Commentary by Elizabeth Morse
Prosecco is a white sparkling wine made from Glera grapes in the Veneto region of Italy. While it bubbles like Champagne, the method used to make Prosecco is more affordable, which is passed along to you, the consumer. Because the wines are aged in large tanks, Prosecco bubbles are lighter and less intense than Champagne. They could even be considered “frothy.”
Prosecco is fruity and not terribly dry, which makes it a great match for spicy Asian dishes, fresh fish (think sushi) and fruity, summery foods like melon and berries. Give it a whirl with cured meats, too. A cold glass with spicy cappacuolo ham or prosciutto is a thing of beauty on a hot summer evening.
I personally enjoy the drier styles, but La Marca Prosecco is presently the nation’s leading seller. Although it is sweetish, it offers the delicious aromas of apples but tastes like white peaches and honeysuckle. It’s available pretty much everywhere for about $12 per bottle. The bottle itself has a pretty blue label that looks elegant on a table.
Nino Franco, Rustico Valdobbiadene Prosecco Superiore DOCG ($16-ish) is pretty close to perfect. It doesn’t break the bank, has a pretty, bright straw color and fruity, flowery tastes. A feminine style, with a delicate and soft texture. Dry.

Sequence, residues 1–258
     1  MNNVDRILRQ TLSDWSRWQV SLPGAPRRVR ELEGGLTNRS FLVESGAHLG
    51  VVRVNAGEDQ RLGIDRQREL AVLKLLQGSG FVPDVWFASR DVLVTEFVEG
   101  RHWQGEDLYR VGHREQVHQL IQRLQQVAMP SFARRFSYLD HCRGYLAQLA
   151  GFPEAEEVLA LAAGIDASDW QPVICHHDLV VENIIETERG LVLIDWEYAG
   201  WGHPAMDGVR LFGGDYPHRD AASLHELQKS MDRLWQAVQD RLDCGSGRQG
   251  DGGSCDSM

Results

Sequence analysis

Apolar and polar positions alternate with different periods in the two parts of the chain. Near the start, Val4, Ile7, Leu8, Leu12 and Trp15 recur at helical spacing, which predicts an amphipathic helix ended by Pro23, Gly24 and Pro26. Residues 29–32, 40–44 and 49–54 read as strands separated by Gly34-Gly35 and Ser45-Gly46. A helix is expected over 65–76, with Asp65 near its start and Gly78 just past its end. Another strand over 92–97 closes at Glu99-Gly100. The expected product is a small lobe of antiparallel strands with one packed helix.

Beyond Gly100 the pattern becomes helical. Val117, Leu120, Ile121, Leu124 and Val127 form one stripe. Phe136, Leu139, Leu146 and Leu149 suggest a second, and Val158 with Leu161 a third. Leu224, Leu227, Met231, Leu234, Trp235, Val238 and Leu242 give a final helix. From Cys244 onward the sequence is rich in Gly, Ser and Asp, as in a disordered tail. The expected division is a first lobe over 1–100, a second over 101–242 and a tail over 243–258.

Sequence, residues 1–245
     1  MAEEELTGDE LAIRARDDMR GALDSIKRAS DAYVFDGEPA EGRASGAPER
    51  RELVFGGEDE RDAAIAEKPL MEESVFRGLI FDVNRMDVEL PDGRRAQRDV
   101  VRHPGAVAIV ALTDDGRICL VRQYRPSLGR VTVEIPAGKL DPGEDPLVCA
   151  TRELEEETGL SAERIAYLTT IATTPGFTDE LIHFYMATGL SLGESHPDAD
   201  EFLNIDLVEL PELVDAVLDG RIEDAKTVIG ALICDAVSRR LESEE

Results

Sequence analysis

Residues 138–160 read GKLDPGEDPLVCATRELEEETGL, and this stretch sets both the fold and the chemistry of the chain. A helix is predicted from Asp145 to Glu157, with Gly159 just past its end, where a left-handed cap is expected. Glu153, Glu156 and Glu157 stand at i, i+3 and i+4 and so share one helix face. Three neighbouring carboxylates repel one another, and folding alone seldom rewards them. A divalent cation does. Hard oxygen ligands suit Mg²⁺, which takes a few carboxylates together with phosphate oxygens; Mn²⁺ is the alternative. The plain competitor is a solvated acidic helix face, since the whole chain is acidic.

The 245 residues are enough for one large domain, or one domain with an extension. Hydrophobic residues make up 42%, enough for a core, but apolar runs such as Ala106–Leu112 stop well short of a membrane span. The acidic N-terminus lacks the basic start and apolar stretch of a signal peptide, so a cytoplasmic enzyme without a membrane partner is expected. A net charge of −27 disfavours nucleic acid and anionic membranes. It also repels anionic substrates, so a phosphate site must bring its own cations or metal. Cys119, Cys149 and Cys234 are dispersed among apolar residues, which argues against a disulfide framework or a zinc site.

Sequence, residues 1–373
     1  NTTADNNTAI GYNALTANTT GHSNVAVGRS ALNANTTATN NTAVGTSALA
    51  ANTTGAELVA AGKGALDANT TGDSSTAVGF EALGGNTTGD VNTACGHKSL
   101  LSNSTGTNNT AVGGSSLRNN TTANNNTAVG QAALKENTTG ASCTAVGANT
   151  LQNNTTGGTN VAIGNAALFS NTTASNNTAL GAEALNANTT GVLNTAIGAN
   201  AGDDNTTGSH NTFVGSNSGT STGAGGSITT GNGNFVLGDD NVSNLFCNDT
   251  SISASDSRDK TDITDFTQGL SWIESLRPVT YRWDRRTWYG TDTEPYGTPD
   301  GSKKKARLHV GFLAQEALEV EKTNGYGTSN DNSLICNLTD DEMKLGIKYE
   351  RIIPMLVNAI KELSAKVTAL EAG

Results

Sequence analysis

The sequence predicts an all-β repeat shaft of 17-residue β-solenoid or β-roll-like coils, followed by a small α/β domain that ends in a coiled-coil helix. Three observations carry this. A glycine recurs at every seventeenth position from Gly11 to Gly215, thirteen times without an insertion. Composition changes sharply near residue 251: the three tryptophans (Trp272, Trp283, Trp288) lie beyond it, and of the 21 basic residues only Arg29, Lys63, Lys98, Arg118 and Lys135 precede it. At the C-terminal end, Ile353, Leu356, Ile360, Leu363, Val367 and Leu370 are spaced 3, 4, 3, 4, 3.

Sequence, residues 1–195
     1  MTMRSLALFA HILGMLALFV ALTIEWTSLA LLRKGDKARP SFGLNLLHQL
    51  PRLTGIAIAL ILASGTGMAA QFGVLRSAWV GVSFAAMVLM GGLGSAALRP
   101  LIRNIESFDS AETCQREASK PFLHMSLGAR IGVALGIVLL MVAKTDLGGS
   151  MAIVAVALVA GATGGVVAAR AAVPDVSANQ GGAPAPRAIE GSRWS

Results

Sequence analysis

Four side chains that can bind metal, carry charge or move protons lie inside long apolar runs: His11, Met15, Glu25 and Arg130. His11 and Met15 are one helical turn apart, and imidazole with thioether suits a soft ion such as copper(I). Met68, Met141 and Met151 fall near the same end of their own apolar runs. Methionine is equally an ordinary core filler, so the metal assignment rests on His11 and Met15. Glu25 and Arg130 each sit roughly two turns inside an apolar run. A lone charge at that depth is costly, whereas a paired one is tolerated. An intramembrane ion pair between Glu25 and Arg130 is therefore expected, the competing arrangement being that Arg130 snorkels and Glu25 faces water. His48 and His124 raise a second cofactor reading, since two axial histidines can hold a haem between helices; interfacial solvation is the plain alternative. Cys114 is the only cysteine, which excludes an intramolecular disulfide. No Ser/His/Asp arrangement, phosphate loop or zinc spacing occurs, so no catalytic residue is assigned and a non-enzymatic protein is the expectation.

And finally, my choice for a splurge bottle: Bottega Gold, Prosecco DOC Spumante Brut will set you back about $30. The bright golden-colored wine has tons of very fine bubbles. On the nose, you get a lovely, flowery perfume (think wisteria and acacia) with a bit of spice. A lively wine that tastes like a mouthful of green apples. Oh, and the bottle itself is a stunner. All gold. Saluti! (that’s “cheers!” in Italian).
Elizabeth Morse owned the Corner Wine Bar in Broad Ripple for nearly 20 years. She is a graduate of IU, a Hoosier chef, food writer, wine guru and Hamilton County Master Gardener who believes in supporting all things local. Morse has been a resident of Hamilton County for more than a decade. Check out her blog: schlepicurean.com